Book Reviews

The hand that first held mine
Sep 30

‘The hand that first held mine’ is Maggie O’Farrell’s fifth novel. It follows the lives of two women who are separated by 50 years. Lexie Sinclair, who has run away from her rural life in Devon to the bohemian milieu of 1950s Soho where her life becomes entwined with the eccentric but dashing magazine editor Innes Kent; and Elina who in present day London is coming to terms with the traumatic birth of her first child and grappling with the early days of motherhood.

The reader becomes gradually aware that the two stories are connected, and this awareness is heightened at particular moments when the author steps back from storytelling and offers a form of narrative commentary, hinting at things to come. The technique works perfectly as it holds the reader in suspense, while additionally offering a few welcome clues.

The unreliability of childhood memories, versus the stories that we are told about ourselves, becomes the glue that binds the two narratives together. Ted, Elina’s husband, was prone to blackouts as a child, and on becoming a father himself he gradually realises that there are gaps in his memories of the past. He becomes acutely aware of the importance to fill these gaps and remember, and as he does so, the links between Lexie and Innes and his own family fall into place, bit by bit.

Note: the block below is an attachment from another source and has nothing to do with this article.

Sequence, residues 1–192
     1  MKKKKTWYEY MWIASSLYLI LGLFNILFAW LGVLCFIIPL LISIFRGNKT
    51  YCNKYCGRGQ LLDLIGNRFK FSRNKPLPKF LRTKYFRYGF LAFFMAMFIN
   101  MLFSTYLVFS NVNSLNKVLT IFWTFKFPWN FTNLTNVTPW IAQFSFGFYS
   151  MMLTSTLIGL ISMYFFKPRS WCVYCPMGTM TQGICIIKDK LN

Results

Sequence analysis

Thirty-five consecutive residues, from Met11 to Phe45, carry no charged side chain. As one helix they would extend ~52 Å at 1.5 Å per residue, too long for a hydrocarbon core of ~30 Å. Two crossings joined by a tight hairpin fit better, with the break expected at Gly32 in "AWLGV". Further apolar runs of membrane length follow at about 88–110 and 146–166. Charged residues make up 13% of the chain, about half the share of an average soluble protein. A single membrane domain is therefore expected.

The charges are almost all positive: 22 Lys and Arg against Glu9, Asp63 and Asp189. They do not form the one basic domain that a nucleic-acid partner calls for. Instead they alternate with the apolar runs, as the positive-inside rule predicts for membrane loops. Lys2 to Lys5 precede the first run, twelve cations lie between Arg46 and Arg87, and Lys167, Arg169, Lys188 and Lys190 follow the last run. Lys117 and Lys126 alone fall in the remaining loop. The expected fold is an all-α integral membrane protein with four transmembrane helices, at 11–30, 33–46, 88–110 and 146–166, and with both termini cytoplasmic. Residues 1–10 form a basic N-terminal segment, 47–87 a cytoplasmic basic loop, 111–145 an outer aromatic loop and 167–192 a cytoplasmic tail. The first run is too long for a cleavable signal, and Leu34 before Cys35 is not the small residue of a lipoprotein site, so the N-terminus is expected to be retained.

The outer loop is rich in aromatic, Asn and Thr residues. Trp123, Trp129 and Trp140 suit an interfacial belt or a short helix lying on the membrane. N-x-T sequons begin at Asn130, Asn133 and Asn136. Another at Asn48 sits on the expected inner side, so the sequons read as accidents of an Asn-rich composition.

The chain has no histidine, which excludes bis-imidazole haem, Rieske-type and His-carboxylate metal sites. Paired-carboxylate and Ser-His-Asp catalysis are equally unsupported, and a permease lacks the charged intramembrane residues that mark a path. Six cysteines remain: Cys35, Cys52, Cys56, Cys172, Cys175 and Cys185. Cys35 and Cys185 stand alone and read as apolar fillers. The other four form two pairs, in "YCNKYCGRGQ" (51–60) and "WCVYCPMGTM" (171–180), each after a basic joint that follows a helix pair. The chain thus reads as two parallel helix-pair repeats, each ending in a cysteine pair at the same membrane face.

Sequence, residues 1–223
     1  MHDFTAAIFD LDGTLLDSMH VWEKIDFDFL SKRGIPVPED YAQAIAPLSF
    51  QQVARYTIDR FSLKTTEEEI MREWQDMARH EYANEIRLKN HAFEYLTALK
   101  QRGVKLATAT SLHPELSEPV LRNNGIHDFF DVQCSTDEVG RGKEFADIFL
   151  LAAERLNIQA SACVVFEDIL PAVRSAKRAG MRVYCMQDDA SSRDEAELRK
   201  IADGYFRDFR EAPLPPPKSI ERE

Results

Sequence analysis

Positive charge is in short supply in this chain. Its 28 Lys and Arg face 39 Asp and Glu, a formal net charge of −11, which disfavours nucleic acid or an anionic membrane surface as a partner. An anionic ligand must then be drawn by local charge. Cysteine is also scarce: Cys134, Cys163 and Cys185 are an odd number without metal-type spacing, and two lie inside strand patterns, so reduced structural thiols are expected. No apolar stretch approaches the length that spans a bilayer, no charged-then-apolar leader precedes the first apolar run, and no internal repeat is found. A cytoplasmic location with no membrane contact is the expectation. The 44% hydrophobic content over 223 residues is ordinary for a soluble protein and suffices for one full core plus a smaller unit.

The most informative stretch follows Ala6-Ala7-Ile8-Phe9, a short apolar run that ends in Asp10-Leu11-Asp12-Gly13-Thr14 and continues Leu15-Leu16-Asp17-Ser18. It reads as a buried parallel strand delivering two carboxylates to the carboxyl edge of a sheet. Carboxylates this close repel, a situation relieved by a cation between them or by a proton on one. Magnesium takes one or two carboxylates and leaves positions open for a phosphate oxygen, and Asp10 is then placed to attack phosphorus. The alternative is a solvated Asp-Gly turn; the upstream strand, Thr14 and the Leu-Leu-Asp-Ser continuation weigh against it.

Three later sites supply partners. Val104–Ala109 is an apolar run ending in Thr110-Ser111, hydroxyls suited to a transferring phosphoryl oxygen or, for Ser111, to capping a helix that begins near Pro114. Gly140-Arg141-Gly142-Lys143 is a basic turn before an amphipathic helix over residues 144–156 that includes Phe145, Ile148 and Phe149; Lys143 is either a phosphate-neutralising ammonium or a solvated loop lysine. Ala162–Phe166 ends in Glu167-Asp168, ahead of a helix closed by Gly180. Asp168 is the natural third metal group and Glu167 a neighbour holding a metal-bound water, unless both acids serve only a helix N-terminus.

What I loved most about this book was its depiction of motherhood. At times Maggie O’Farrell’s prose on the subject reads like poetry, and this paragraph I just had to share as it sums up my thoughts on being a working mum better than I could convey myself…

“When she leaves the house on these mornings, she senses a thread that runs between her and her son, and as she walks away through the streets she is aware of it unspooling, bit by bit. By the end of the day, she feels utterly unravelled, almost mad with desire to be back with him, and she urges the Tube train to rattle faster through the tunnels, to speed over the rails, to get her back to her child as quickly as possible. It takes her a while, once she’s there again with him, to wind herself back to rightness, to get the thread back to where it ought to be – a length of no more than a couple of feet or so feels best, [she]* decides.”

*name removed for those who want to read the book!

I found the end of the novel deeply moving- it left me in a flood of tears! Overall it is a read that I would really recommend. Admittedly after the first 100 pages I was willing the pace of the book to speed up, but once it did and the two stories began to come together, it was a thoroughly compelling read.

My mark: 7.5 / 10

About the Author

Wendy McAuliffe

Social media & online PR consultant and trainer, and ex-journalist. Founder and Director of Populate Digital and Mum of two. Living by the sea in Bournemouth. @wendymcauliffe.

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